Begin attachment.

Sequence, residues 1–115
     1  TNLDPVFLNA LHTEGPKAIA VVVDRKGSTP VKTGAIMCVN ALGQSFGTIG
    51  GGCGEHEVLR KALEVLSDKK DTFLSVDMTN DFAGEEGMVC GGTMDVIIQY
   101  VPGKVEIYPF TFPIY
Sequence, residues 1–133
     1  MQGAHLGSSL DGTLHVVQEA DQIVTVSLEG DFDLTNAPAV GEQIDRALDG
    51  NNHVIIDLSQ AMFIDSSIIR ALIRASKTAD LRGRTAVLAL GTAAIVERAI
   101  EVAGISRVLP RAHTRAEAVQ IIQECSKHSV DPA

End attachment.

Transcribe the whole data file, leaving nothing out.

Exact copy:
Sequence, residues 1–115
     1  TNLDPVFLNA LHTEGPKAIA VVVDRKGSTP VKTGAIMCVN ALGQSFGTIG
    51  GGCGEHEVLR KALEVLSDKK DTFLSVDMTN DFAGEEGMVC GGTMDVIIQY
   101  VPGKVEIYPF TFPIY
Sequence, residues 1–133
     1  MQGAHLGSSL DGTLHVVQEA DQIVTVSLEG DFDLTNAPAV GEQIDRALDG
    51  NNHVIIDLSQ AMFIDSSIIR ALIRASKTAD LRGRTAVLAL GTAAIVERAI
   101  EVAGISRVLP RAHTRAEAVQ IIQECSKHSV DPA